Political Theology Today A forum for interdisciplinary and interreligious dialogue

All posts tagged Politics

Meslee

The Cloister and the Chamber: In search of Australian political philosophy (by Marion Maddox)

For decades now, we seem to have been living in “end”: the end of history, the end of ideology, the end of theory. Parties nominally of the left (“New Labour”, “Wall St Democrats”) joined those of the right to enforce “democracy” abroad and a “third way” of free market reliance at home. Ideologues and theorists had ceded decision-making to technocrats, and no one need worry about such esoteric matters as justice or fairness, since all we had to do was sit back and let a properly-tuned market deliver optimal outcomes to everybody.

Read More
Deleuze beyond Badiou

Book Review – Clayton Crockett, Deleuze Beyond Badiou

Clayton Crockett’s Deleuze Beyond Badiou is more than a commentary on Badiou’s reading of Deleuze or a defense of Deleuze. It is, rather, a transdisciplinary work that crosses the domains of theology, philosophy, and politics through a reading of the relationship between Deleuze and Badiou. Crockett’s goal, however, is not primarily descriptive but constructive, in that he uses the relationship between the two philosophers as a means for thinking otherwise.

Read More

Democratic revolutions and gun rights – forging a more global perspective on the current controversy

Everyone is familliar with Mao Tse-Tung’s famous dictum, first formulated during the Long March in the 1930s, that “all power grows out of the barrel of a gun.” The saying often has gushily romantic overtones for even the most gun-abhorring political progressive while setting off paroxysms of indignation perhaps among […]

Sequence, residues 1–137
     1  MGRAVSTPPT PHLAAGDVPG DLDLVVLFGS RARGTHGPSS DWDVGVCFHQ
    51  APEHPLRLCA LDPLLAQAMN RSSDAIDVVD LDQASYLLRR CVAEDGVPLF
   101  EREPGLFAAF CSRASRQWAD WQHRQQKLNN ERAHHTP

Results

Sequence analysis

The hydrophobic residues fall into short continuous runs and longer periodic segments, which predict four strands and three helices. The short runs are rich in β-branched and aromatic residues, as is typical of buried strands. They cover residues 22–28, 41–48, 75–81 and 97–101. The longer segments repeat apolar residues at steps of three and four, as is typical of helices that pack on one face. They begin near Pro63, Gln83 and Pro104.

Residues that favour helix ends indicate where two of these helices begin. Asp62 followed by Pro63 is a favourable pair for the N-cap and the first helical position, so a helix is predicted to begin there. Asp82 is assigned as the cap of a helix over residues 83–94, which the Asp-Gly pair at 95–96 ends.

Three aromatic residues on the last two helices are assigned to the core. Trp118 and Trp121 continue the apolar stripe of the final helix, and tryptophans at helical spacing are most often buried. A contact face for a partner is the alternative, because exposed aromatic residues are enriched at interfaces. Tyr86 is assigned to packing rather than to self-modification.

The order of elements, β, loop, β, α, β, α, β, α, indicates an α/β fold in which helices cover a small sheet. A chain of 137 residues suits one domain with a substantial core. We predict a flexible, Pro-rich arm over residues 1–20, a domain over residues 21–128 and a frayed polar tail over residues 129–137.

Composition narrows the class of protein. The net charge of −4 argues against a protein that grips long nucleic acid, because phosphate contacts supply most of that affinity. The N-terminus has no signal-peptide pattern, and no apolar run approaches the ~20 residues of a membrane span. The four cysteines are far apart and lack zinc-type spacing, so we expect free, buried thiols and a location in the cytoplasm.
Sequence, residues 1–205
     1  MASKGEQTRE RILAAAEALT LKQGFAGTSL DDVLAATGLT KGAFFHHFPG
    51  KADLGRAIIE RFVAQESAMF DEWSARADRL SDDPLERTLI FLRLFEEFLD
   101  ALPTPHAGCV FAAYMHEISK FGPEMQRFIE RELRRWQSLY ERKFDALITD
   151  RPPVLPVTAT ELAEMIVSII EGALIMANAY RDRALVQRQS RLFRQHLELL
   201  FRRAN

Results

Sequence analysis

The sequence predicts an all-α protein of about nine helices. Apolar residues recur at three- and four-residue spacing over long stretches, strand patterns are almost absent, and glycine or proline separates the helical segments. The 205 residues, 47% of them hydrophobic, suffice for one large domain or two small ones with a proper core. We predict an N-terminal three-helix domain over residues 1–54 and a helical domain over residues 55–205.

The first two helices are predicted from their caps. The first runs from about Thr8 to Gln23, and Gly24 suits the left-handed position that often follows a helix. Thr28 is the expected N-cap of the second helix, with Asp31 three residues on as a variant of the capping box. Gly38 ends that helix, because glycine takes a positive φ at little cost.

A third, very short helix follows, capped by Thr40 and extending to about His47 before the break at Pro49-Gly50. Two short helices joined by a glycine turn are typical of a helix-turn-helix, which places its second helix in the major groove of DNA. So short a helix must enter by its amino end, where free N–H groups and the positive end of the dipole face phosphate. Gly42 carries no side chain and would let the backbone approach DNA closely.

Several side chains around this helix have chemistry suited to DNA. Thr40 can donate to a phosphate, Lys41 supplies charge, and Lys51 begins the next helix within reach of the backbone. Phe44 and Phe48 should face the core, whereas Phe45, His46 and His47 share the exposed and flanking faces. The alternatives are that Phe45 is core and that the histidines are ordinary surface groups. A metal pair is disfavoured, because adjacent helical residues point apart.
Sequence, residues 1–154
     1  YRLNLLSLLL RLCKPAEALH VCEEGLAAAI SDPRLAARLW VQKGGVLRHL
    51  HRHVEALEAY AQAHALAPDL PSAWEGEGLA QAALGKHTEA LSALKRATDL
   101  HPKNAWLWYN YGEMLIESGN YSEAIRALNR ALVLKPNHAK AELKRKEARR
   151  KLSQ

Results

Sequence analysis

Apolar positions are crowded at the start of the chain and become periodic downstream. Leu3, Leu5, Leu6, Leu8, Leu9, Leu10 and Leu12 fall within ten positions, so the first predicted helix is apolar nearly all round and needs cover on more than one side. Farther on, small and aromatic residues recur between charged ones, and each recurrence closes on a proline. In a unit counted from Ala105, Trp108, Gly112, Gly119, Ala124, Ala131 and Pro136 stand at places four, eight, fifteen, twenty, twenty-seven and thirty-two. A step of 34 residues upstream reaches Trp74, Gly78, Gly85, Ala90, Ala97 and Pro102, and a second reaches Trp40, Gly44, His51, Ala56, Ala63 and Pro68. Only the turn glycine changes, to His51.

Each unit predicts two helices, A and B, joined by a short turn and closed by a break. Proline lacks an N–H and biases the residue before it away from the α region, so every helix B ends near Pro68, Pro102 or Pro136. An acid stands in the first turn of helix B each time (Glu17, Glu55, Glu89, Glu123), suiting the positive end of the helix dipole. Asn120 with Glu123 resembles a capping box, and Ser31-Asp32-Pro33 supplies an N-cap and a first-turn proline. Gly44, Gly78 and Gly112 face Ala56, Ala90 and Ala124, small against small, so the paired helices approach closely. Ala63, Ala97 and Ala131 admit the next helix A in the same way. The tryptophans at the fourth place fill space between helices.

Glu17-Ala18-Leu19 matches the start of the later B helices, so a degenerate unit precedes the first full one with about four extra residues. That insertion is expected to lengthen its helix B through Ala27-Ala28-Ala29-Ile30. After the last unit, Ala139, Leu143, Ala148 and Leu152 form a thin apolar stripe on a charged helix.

Read More

Proper Reverence for Political Authority

In a recent piece about Les Misérables, which is in general a fine study of the dynamics of law and grace in the film, Michael W. Hannon worries that a view of the state, and the political realm more broadly, as an unnatural institution is insufficient for a vibrant and vigorous engagement of this realm, or as he puts it “our faith in law.” Hannon aptly notes that Valjean, one for whom “it seemed as though he had for a soul the book of the natural law,” is the ideal in Hugo’s work. Valjean’s remarkable conversion, for instance, results in a situation in which he recognizes a greater sense of moral obligation rather than less.

Read More
old_testament_law-150x1091

Luke 13:31-35 – The Politics of Place

And so it is to Jerusalem that Jesus must go. Why Jerusalem? How would the scene have played out differently if the Pharisees, in their plotting, had simply arranged to have Jesus murdered on the road – on his way to the city? What if Jesus had never come to Jerusalem? To the temple? What if he died and even was resurrected while preaching the good news of God’s Kingdom in Galilee? What’s so special about Jerusalem?

Read More
old_testament_law-150x109

Politics of Epiphany

Herod was scared of a newborn baby. This basic fact of the Epiphany story bears the key to understanding its political implications. Herod’s fear reveals something of the anxiety that accompanies absolute power. In the political context of the Roman Empire, which supported Herod’s control of Judea, the continuance of power depended on the political elites capacity to convince people.

Read More

Democracy and the debt crisis – why political theology needs to wake up from its moralistic slumber

Now that America’s fiscal cliff has been averted, the press and public attention are turning quickly to the next looming “crisis” – the debt ceiling. For many of today’s liberals, the debt ceiling issue is little more than a red herring. Partisan politics and convoluted political rhetoric aside, the left […]

Read More